Hospital staff from Chorley joined thousands of protesters in London on Saturday to show their anger over the government’s spending cuts.
Nurse Elizabeth Gartside, 60, has been in the medical industry for 36 years, and is now having to re-apply for her own job at the Chorley and South Ribble District General Hospital as the National Health Service tries to save cash.
She marched for five hours with 400 UNISON union members through the capital’s streets at the weekend, but admits it probably won’t do much good.
“I doubt it’ll make a difference,” she said. “But we can’t just sit back and let them walk all over us.
“I’m having to be interviewed for my own job, which is just an insult.
“When I started this job 36 years ago, I never imagined it would come to this.
“It’s heartbreaking to see how things are changing. When staff members leave, they aren’t being replaced, and that’s bound to have a knock-on effect on service delivery eventually.”
Around 400,000 demonstrators took to the city against the cuts, which followed the government’s budget last week, which included a cut in the NHS’s spending power of almost £1bn.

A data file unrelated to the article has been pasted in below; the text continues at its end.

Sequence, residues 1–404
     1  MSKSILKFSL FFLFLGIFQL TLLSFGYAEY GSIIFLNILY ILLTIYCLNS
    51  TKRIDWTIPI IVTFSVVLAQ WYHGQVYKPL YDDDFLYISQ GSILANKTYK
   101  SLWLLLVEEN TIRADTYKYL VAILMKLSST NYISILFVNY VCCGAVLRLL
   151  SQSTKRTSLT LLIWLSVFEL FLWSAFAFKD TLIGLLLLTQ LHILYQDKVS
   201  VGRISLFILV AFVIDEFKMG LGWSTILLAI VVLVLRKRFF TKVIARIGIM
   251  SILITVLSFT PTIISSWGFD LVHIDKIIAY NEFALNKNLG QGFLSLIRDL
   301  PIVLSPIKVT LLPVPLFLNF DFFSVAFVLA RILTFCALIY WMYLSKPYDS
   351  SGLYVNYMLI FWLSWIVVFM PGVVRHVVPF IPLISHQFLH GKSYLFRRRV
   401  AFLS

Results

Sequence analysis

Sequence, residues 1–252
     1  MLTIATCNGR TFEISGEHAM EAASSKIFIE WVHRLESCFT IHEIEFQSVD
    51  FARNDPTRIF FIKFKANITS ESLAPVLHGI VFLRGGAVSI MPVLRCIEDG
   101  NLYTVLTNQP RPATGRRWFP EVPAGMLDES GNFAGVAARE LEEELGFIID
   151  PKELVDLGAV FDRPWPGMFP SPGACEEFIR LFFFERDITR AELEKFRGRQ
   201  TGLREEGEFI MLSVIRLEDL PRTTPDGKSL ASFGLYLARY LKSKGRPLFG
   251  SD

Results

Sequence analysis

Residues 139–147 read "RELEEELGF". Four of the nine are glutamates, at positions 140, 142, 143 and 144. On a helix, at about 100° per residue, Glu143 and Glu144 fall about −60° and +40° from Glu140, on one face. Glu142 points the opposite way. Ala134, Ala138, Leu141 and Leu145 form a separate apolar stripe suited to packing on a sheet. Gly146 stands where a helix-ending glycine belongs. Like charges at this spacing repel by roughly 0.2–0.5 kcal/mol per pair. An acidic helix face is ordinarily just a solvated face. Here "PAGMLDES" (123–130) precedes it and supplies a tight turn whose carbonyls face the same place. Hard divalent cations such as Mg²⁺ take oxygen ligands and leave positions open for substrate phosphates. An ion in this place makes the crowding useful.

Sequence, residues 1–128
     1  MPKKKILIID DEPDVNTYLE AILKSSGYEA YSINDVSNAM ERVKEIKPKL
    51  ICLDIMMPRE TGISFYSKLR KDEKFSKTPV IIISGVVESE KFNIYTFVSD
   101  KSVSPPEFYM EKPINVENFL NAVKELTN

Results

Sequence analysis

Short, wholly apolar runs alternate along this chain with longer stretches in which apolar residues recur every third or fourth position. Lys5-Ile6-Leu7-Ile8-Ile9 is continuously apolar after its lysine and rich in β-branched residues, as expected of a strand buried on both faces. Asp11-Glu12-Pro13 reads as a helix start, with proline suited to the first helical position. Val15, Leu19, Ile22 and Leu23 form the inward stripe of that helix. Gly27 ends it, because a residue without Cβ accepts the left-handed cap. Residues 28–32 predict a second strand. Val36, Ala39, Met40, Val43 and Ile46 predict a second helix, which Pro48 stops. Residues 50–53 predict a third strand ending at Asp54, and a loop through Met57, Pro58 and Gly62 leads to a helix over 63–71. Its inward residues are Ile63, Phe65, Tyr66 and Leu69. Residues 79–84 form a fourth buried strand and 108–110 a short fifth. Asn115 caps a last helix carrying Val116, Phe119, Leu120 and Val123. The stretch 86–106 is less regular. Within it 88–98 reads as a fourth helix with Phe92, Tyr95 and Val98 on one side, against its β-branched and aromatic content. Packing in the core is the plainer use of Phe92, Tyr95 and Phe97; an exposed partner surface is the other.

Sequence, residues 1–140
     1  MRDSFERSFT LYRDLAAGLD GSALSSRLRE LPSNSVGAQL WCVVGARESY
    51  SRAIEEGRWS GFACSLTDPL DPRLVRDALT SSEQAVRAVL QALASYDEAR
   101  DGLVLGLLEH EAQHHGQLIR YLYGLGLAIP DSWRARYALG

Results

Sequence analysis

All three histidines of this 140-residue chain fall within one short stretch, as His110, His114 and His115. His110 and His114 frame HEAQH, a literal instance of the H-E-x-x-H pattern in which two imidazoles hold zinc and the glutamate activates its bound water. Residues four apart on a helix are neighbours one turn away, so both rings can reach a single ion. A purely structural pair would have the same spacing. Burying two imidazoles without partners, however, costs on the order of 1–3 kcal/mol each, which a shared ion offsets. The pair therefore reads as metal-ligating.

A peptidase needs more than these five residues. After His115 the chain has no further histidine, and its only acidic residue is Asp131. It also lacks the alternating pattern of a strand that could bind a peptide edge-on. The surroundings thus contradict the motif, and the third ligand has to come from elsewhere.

Elizabeth’s colleague Pam McLoughlin, 53, also joined the campaingers, which included firefighters, council workers and students.
But she’s furious that around 200 masked vandals caused havoc during the demonstrations.
Eighty-four people were injured and 31 police officers were hurt as the group attacked hotels and shops with paint and smokebombs, and hurled lightbulbs filled with ammonia at the police.
Pam said: “We were in Oxford Street when we saw people in black hoodies wearing ski masks.
“It was quite frightening, so we stayed well out of the way.
“It’s just annoying that they got all of the major coverage and took the meaning away from our plight.”
She added: “We did have a lot of support on the day though, and the comradery was great.”
Nurse Anne Dobinson said: “We’re all really concerned about the spending cuts and the affect they’ll have on the service we provide to the people of Chorley.
“We appreciate that they’re needed, but we think they’re too fast and too severe.”
Tony Curtis, Chief Executive for Lancashire Teaching Hospitals, said: “I would like to assure the community that providing high quality health care continues to be our first priority and we are committed to maintaining frontline services at Chorley hospital.”